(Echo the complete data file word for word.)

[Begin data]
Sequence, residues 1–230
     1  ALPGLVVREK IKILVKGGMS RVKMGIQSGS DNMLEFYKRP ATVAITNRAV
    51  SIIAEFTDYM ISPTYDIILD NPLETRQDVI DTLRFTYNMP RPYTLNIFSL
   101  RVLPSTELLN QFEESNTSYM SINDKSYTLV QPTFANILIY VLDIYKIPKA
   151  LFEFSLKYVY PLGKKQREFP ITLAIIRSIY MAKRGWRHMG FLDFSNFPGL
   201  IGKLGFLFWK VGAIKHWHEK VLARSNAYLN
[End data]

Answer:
Sequence, residues 1–230
     1  ALPGLVVREK IKILVKGGMS RVKMGIQSGS DNMLEFYKRP ATVAITNRAV
    51  SIIAEFTDYM ISPTYDIILD NPLETRQDVI DTLRFTYNMP RPYTLNIFSL
   101  RVLPSTELLN QFEESNTSYM SINDKSYTLV QPTFANILIY VLDIYKIPKA
   151  LFEFSLKYVY PLGKKQREFP ITLAIIRSIY MAKRGWRHMG FLDFSNFPGL
   201  IGKLGFLFWK VGAIKHWHEK VLARSNAYLN